3. Music. The musical heritage of southern Africa is diverse, rich and dynamic. Recent decades have seen the rise of kwaito and the indigenization and transformation of hip-hop and house, paralleling the local reconfiguration of jazz, country and gospel musics earlier in the 20th century. The unprecedented popularity of Y-FM has also highlighted the cultural and economic significance of African youth. At the same time, the rise of inexpensive computer-based recording technology has begun to break the stranglehold that the recording industry has long held over local artists. We particularly seek papers that examine music in its social contexts, in relation to political, economic and cultural change.
We especially encourage participation from professionals, scholars and graduate students in Africa as well as those located in North America and Europe. If you are interested in attending please contact Gary Kynoch (gkynoch at dal.ca) by email. Indicate whether you would like to:
a) present a paper for one of the regular panels
b) serve as a discussant
c) attend the workshop
The deadline for proposals is December 15, 2006. Send proposals to Gary Kynoch (gkynoch at dal.ca).
If you wish to give a paper, your proposal should include a title and one- to two-paragraph abstract. Completed papers, not to exceed forty pages, will be due March 15, 2007, so that the papers can be pre-circulated on a conference website ahead of the meeting.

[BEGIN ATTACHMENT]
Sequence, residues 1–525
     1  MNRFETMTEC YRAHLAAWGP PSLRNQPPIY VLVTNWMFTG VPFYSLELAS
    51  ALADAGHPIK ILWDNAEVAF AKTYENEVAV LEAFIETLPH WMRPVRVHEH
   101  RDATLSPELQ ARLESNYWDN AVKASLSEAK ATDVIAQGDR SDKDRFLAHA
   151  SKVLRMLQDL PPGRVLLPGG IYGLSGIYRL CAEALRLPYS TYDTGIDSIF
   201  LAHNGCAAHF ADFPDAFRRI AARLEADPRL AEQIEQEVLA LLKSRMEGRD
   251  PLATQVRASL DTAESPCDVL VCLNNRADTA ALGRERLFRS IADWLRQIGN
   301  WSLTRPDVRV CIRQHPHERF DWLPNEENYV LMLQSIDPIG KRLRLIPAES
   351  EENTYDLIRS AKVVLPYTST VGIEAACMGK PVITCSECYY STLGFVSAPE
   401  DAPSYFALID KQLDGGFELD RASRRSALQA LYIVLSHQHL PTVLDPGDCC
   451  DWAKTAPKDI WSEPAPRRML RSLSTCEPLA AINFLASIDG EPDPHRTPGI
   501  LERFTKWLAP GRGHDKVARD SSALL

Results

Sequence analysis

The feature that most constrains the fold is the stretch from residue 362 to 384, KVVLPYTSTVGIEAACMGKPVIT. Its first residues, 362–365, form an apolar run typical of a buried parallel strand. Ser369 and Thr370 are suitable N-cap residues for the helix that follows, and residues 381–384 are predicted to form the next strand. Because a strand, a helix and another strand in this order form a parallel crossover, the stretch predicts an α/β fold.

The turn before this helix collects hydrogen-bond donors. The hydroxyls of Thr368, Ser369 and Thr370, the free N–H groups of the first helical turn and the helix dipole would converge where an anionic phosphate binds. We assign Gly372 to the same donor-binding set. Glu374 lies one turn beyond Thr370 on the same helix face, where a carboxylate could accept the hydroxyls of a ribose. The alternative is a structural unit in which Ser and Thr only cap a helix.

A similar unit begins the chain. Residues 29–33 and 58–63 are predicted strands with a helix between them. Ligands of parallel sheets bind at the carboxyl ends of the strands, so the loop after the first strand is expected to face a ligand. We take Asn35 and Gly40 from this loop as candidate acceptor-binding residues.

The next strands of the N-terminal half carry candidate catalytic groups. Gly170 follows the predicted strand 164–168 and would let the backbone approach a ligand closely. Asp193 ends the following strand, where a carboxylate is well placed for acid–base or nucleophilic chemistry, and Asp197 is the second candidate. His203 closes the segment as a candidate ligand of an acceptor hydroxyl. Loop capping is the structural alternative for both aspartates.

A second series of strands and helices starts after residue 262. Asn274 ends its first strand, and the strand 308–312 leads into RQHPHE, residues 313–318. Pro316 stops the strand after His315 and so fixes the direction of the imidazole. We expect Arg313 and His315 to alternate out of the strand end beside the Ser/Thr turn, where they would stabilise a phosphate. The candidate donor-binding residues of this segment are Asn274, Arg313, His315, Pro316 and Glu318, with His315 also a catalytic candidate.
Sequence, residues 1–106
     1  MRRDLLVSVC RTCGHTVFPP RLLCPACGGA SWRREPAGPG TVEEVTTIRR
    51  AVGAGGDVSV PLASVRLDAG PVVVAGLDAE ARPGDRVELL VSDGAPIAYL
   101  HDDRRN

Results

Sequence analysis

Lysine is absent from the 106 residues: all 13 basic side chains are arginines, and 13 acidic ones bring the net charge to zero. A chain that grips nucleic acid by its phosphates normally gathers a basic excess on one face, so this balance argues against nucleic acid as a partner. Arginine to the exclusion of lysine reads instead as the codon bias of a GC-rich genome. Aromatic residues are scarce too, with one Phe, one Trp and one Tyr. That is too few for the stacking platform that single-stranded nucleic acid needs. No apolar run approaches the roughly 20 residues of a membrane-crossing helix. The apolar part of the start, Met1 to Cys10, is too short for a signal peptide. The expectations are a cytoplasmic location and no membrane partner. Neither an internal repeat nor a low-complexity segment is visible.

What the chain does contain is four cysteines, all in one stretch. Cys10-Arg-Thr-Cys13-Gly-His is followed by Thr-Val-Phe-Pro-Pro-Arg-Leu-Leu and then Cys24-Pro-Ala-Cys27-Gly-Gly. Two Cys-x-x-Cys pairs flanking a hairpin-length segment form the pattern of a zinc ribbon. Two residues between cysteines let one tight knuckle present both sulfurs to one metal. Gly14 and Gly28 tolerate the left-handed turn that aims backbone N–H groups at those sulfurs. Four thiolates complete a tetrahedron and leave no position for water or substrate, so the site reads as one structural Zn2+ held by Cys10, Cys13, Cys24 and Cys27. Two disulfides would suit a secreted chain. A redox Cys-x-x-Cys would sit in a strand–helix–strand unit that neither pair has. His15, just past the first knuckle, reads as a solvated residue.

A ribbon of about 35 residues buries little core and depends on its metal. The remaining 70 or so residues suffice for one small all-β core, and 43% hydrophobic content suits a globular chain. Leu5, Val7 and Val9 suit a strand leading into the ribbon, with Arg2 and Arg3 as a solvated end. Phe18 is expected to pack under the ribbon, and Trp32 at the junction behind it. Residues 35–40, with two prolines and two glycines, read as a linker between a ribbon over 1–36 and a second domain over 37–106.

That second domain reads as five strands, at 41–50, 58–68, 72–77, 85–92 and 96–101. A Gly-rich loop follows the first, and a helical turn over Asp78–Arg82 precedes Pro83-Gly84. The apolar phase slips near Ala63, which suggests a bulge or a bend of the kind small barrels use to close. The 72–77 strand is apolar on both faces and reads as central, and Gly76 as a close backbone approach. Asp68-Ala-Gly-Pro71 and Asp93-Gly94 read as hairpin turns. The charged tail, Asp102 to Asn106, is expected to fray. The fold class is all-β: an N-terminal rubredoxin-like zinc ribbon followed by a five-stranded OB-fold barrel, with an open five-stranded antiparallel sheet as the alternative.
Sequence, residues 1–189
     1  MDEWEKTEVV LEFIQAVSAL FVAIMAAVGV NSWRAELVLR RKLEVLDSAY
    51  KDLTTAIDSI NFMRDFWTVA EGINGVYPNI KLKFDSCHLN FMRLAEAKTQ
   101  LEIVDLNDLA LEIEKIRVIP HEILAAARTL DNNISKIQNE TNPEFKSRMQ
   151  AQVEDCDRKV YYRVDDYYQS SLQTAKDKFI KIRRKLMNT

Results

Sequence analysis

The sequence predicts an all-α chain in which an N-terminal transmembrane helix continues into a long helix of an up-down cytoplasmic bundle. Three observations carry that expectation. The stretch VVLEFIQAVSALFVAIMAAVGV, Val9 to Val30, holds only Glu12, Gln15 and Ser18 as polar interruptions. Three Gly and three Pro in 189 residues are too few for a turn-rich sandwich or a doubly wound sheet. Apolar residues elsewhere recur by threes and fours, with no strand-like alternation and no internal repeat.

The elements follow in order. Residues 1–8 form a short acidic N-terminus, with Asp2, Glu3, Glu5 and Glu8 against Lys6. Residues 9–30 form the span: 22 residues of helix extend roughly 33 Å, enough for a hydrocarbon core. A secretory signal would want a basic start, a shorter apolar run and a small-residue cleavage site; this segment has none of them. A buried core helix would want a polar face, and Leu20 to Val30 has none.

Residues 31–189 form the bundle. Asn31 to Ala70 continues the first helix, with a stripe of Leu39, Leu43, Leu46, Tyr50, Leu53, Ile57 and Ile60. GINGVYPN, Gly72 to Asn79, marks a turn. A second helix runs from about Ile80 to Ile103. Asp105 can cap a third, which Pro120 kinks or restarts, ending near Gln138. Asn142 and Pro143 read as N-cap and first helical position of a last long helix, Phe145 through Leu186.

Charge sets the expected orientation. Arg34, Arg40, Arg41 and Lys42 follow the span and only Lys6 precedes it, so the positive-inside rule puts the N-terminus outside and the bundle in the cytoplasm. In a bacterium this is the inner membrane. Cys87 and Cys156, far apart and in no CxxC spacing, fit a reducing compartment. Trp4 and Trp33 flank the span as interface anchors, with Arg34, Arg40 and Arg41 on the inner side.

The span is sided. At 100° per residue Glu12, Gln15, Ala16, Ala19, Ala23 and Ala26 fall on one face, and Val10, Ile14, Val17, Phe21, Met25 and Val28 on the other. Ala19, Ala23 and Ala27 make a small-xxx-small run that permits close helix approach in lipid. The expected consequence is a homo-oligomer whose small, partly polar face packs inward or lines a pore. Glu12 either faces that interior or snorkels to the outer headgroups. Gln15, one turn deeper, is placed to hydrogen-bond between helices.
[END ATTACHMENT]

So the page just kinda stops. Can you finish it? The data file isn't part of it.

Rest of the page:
If you wish to serve as a discussant, your proposal should indicate the areas of southern African studies on which you are most prepared to comment. Once the conference participants are selected and organized into panels, each panel will be assigned a discussant. Discussants thoroughly read the pre-circulated papers by the participants in their session, and at the conference give a 10-15 minute constructive criticism/comment on the papers individually and collectively. Discussants also coordinate discussion of the papers amongst those attending the panel.
- - - Accommodation, Registration and Travel - - -
All participants are housed at the Bishop Booth Conference Center , which offers inexpensive accommodation and meals in a beautiful setting. The conference facility can sleep up to a maximum of 50 people. Single and double rooms are extremely limited and most rooms sleep 3 people with shared bathrooms.
The estimated costs are as follows:
Double: $40 per night
Triple: $30 per night
All meals for the weekend (Friday lunch – Sunday breakfast, excluding Saturday night dinner): $50
Full time faculty at North American or European institutions: $110
Graduate Students at North American or European institutions: $30
Attendees traveling from Southern Africa are not required to pay registration.
Burlington is easily accessible. By car it is 90 minutes from Montreal, 3.5 hours from Boston and approximately five hours from New York. In addition to its airport Burlington is served by AMTRAK (train) and several bus lines.
- - - For Further Information - - -